“Life is about not knowing, having to change, taking the moment and making the best of it, without knowing what’s going to happen next.”
I submit the following points:
- Most of the particular details of your situation came about by chance.
- Most of your belief about your control of outcomes is simply an illusion of control.
- People have different kinds and different amounts of natural talent
- Despite all of the above, success is not just “dumb luck”. There is a reason why some people are successful and it has nothing to do with dumb luck.
Steve Jobs was in the news a lot lately because of his tragic death which was the result of a chance event, pancreatic cancer – really bad luck. But what about his incredible success in life? Was that just luck too? In my opinion the answer is both yes and no.
If Jobs had not come of age about when he did, if he had not met and become friends with Steve Wozniak in high school, or if he had not visited a Xerox lab and have seen the idea he used to create the Apple computer interface, we probably would never have heard of him. We might have anyway but in my opinion likely not. That is what I mean by the first bullet point that the particular details of your situation are the result of chance. If you met your lifelong partner at a party that you only went to because bad weather cancelled other plans, then but for that chance event you life would have been very different in its particular details.
Most of what happens are things we don’t control. They are just a series of contingent occurrences in our life. After the fact and in hindsight we compose narratives to explain the events and how we were in control of it all. Gurus tell their story of success and use it to convince you they have discovered the true path to success and that you should buy into it – literally. The control over the outcomes that these stories describe is illusory. It is in this sense that much in life is driven by chance events.
I think it is incredibly important to accept the uncertainty of life – that you don’t control outcomes and that conditions will constantly change. By believing we are in control of these events we set ourselves up for failure. When things inevitably depart from our plans we are disappointed by failure or see ourselves as victims of circumstance.
Accepting you don’t control the outcomes, which you don’t, allows you to roll with the punches with a much better attitude. Shit happens so just deal with it. You control what you can control and then accept whatever happens and move on.
Are Some People Lucky?
Richard Wiseman who has made a specialty of studying luck says that lucky people are just much more open to possibility. Unlucky people are stuck in routines and are afraid to take chances when opportunities present themselves. I think he has completely nailed the issue.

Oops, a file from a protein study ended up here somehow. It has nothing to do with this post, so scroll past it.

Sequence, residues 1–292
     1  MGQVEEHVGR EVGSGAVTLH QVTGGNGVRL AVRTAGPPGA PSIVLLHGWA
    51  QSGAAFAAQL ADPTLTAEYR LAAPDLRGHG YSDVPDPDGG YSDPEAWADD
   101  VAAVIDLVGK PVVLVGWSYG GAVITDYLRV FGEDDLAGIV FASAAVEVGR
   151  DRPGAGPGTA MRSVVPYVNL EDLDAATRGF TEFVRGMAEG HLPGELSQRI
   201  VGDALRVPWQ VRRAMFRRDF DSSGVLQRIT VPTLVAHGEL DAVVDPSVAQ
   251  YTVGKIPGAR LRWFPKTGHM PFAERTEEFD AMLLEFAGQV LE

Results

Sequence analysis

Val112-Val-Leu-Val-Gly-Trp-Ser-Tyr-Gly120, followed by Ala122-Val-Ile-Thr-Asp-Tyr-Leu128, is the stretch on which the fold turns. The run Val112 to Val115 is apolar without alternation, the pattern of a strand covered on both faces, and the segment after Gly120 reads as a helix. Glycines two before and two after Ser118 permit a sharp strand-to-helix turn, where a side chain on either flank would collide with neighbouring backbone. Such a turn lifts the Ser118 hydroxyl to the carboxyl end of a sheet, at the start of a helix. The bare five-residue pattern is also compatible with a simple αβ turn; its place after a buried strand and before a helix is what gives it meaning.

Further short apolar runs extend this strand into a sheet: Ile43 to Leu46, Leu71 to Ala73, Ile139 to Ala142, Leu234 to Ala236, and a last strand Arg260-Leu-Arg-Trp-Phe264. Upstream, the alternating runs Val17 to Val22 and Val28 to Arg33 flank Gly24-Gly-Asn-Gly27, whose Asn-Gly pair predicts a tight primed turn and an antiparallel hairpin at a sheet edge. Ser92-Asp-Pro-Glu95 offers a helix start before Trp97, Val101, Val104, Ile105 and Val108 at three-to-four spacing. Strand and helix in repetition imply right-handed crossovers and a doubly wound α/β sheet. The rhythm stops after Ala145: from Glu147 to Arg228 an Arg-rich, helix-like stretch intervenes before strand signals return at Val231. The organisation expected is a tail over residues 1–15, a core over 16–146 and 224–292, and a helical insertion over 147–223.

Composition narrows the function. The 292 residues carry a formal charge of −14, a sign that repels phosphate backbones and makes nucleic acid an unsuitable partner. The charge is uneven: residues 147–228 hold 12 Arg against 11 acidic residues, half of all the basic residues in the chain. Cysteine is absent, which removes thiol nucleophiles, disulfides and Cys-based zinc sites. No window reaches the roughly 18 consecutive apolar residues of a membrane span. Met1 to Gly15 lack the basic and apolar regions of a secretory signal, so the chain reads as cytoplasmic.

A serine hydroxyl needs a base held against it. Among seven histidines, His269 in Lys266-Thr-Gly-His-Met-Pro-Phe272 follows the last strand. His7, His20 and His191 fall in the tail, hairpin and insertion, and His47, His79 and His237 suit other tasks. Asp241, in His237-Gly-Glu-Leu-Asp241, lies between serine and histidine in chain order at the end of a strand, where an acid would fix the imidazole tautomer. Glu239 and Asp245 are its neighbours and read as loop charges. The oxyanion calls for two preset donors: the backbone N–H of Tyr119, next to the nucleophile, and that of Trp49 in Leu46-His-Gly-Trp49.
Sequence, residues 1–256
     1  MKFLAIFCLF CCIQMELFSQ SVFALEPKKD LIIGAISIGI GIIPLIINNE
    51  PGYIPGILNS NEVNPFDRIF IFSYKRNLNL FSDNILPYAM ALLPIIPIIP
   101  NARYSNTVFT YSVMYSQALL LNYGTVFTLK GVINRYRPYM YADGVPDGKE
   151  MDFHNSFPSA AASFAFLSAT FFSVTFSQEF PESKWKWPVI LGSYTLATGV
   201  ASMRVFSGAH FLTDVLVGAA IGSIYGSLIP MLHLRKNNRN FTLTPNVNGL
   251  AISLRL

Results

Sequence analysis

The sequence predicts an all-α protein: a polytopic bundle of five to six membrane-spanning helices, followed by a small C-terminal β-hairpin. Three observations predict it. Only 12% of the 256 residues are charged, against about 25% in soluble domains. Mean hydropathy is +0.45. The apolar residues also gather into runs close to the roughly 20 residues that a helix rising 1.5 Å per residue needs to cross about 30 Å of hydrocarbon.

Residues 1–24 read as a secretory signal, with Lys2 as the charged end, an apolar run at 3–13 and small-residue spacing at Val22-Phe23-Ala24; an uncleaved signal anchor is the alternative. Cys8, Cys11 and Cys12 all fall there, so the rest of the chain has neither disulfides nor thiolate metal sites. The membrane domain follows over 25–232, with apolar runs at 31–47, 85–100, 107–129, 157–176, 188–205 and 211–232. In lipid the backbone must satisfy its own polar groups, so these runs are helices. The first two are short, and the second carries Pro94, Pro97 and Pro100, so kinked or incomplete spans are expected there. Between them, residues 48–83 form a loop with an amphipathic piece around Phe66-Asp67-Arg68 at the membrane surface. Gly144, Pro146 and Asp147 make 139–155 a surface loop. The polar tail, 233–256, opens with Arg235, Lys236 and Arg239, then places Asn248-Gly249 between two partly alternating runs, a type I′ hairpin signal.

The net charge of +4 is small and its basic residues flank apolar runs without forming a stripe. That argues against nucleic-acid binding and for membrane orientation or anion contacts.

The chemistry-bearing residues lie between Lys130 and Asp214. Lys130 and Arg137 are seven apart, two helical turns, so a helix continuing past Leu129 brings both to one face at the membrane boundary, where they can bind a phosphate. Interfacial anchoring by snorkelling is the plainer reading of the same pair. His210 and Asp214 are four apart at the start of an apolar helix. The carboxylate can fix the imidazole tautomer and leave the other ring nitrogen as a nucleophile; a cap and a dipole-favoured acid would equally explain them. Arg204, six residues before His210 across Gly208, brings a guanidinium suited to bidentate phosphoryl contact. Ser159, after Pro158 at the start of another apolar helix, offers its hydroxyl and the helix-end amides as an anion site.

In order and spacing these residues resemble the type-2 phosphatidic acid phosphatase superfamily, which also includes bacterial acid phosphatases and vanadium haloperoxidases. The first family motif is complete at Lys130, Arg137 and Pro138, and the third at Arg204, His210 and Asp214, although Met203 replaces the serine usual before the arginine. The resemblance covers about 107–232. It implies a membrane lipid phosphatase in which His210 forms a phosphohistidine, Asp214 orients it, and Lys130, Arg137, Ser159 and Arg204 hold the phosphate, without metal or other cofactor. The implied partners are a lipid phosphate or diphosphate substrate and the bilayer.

Lets say something about Steve Jobs’ life had happened differently and he had not “lucked” into those chance events I mentioned above. Would he have been a success at something else? I think it is highly likely he would have been because he was the kind of person who looked for opportunities and took advantage of them. He might not have become a famous multi-billionaire but probably by any standards he would have been successful. Other people were in similar situations and saw the same things Steve Jobs did but not create Apple computers.
The one thing that will guarantee you remain stuck in “bad luck” is to be afraid of uncertainty and change and to play it safe. Life changes too rapidly and too unpredictably for that to be a successful strategy in today’s world. You might not like it and it may scare you but that doesn’t change the fact that is the way the world works. Successful people are opportunistic chance takers. Eventually they find something that works and all the complainers are still sitting around whining about how unlucky they are.
I do not believe we are all equal in talent either. I watched a documentary called Bobby Fisher Against the World yesterday. Malcolm Gladwell was on their spouting the 10,000 hour mantra and making it seem like luck had nothing to do with Bobby Fisher. I completely disagree. Bobby Fisher had an IQ of 180 which puts him a category that only something like one in a million are lucky enough to be born with. Certainly without his obsession with chess (he spent virtually all his time with it from age 6 on) he would never have achieved what he did. On the other hand had he not been born with a brilliant and very unusual mind he wouldn’t achieved it either. There is luck involved here but in one respect Gladwell and I are on the same page; it’s what you do with what you are lucky enough to be born with that is most important for YOU.
There are some genuinely undeservedly lucky people and some genuinely undeservedly unlucky people. However, in general I think over time most people create their own luck by either taking advantage of whatever circumstances life delivers up or by failing to do so. That choice is yours to make.
The Keys to Luck
- Accept that life is uncertain and can’t be predicted and planned out
- Accept that what happens is not under your control
- Be resilient so you can bounce back when life smacks you on the head
- Be open to see the opportunities chance delivers to you
- Be flexible so you can take action on those opportunities
- Don’t be afraid of doing something
“So what do we do? Anything. Something. So long as we just don’t sit there. If we screw it up, start over. Try something else. If we wait until we’ve satisfied all the uncertainties, it may be too late.
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